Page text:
Mount Garfield a vigorous and rugged hiking challenge

Ann Wright, foreground, and Melinda Mawdsley near the top of Mount Garfield, which looms over the Grand Valley’s east end. Mount Garfield is best hiked during the springtime or fall when temperatures aren’t as hot.

Rachel Sauer, left, and Melinda Mawdsley make their way to the top of Mount Garfield.

This marker declares the top of Mount Garfield. The mountain is about 6,800 feet above sea level.

Mount Garfield defeated me twice.

The first time was more than a dozen years ago when my dad and I stupidly, stupidly tried to hike it in the middle of summer. Don’t do that. It’s blister hot and dusty. Large rocks do not provide enough shade.

The second time was on an afternoon several weeks ago with features writers Melinda Mawdsley and Rachel Sauer. Frustrated and somewhat nauseated, Melinda put a halt to the lack of fun she was having on the hike’s initial ascent. At some point, she even conjectured that President James Garfield must have been a bad president to have such a mountain named after him.

(Sorry, if you’re a fan of the 20th president of the United States, who, by the way, was assassinated only 200 days into his presidency.)

But on April 12, Melinda, Rachel and I stood on top of Mount Garfield as it loomed over Interstate 70 on the Palisade end of the Grand Valley. And it wasn’t even noon.

OK, so we started early.

Hiking Mount Garfield is something to put on your springtime great outdoors to-do list, but DO NOT underestimate it. Sure, there are people who run it or hike it multiple times in a row or even skip class (Rachel, the teenage years) at Palisade High School to climb it for fun. However, I maintain that hiking Mount Garfield isn’t something to shrug your shoulders about.

You need to be fairly physically fit. You need good shoes for traction. You need plenty of water. You need to pace yourself and rest as needed as the trail rises 2,000 feet.

The start of the hike is particularly steep as the trail leaves the valley floor and goes up the spine of a dirt ridge along the Bookcliffs. There should be a sign telling your boots to stay in low gear, both ways.

While that is the main route up Mount Garfield, it’s not the only one. The Gearhart Mine Trail is a more moderate route and starts at the same trail head as Mount Garfield Trail. According to the sign at the trail head, the main trail is two miles long, and the mine trail is 2.5 miles.

On the sunny April day of our hike, Rachel and Melinda started about 8 a.m. and took the mine trail. About 30 minutes later, I began hiking the main trail.

Birds chirped, traffic zoomed on the nearby interstate and I huffed and puffed. Thank goodness there was a little breeze. I stopped a few times to take pictures and gaze at the valley spread out from the base of the Bookcliffs in spring green orchards, vineyards, fields and neighborhoods, with the blue ribbons of canals weaving through. It was beautiful.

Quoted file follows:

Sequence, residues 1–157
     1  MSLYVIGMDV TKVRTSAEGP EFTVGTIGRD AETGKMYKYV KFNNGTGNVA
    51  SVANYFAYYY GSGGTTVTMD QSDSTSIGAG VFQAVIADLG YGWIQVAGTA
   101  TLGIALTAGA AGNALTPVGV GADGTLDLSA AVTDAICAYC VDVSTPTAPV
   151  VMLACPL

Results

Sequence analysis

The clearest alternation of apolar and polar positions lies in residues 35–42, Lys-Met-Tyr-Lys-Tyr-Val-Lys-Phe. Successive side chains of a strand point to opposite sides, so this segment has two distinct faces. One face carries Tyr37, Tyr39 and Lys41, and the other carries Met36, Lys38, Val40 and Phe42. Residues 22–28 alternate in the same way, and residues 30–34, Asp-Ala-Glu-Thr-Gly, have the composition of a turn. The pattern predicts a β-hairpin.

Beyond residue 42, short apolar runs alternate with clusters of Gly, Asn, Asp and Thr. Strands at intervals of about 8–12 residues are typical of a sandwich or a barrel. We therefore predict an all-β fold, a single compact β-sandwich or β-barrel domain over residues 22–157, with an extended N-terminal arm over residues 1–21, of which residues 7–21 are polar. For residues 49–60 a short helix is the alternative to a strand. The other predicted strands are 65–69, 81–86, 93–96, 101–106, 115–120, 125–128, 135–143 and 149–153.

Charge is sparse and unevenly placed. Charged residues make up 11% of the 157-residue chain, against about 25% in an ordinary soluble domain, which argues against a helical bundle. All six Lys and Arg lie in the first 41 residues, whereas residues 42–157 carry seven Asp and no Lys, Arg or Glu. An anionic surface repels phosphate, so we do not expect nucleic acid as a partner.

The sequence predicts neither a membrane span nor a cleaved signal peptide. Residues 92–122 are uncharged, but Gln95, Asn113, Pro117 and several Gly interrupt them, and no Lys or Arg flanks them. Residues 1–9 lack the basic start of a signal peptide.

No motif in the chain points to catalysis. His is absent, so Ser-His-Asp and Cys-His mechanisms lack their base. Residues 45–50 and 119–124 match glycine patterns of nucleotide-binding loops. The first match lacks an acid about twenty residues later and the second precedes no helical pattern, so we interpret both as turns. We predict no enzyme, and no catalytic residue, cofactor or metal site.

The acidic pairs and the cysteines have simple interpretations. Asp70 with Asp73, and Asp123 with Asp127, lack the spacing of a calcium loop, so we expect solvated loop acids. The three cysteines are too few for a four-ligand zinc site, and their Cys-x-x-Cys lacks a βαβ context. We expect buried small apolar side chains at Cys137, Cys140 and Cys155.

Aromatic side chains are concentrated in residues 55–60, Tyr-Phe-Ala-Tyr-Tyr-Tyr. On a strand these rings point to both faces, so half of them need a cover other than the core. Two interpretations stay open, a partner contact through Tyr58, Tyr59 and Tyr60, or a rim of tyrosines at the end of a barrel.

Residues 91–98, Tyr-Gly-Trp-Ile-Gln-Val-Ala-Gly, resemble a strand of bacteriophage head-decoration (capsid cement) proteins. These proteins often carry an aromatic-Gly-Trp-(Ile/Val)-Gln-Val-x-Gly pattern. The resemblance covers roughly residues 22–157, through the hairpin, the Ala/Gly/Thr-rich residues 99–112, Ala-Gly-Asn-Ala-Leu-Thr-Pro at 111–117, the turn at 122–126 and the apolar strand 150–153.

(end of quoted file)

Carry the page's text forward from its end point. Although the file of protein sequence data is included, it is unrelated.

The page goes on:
It took me 26 minutes to make the initial ascent to the top of the first ridge and another 12 minutes as the trail scrambled around rocks to the spot where it meets the mine trail.

Rachel and Melinda soon joined me, Melinda exclaiming that the mine trail is “much more magnificent” than the main trail. Melinda is a morning person.

Up the trail we went, over rocks, across shale, dirt and silt then … trail? Does it go that way? Around this boulder? Oh, here’s some horse poop, so this way?

Mount Garfield has “trails-ish,” as Rachel put it. All I can say is look for the “trail” with the most footprints and go that way. The trail isn’t particularly well-marked with cairns or signs. If you seem to be moving north, away from the edge of the Bookcliffs, and the rushing sound of the interstate is getting dim, you’re not on the trail.

For nearly the entire hike, you can look down into the valley from the edge of the Bookcliffs. As you close in on the summit, the West Elk Mountains can be seen in the distance to the northeast, Grand Mesa stands high to the east and the peaks of the San Juan Mountains appear to the south.

After an hour and 40 minutes — two hours and 10 minutes for Rachel and Melinda — we reached the top of Mount Garfield and took photos of the U.S. Geological Survey bench mark to prove it.

We relaxed and took more photos. I sent one on my cell- phone to my husband. We saw a plane land at Grand Junction Regional Airport. A train whistle caught in the breeze swirled through the rocks. In some ways, Mount Garfield is a rather civilized peak after all.

We headed down, admiring the rusty red contours in the rock and the cacti growing in clusters in a couple of the flat areas. Rachel and Melinda took the main trail with me. We skidded on some of the steeper dirt sections toward the bottom, but came out just fine. I think our descent took about an hour.

Finally, I can check Mount Garfield off my trails list, at least until temperatures cool in the fall. The view could be color spectacular then.

Get going: To get to the Mount Garfield trail head: From Elberta Avenue on the west side of Palisade, turn west on G 7/10 Road and drive to its end, which takes you through a tunnel under I-70 and to the parking lot north of the interstate. Hike Mount Garfield in the cool of the day or during the cooler months. Don’t go after rain or snow, as it can make the trail slick and muddy. Take plenty of water. If you hike Gearhart Mine Trail, obey the sign, which bluntly states, “stay out of mines and diggings and stay alive.”


Commenting is not available in this channel entry.

Search More Jobs

734 S. Seventh St.
Grand Junction, CO 81501
970-242-5050; M-F 8:00 - 5:00
Subscribe to print edition
eTear Sheets/ePayments

© 2017 Grand Junction Media, Inc.
By using this site you agree to the Visitor Agreement and the Privacy Policy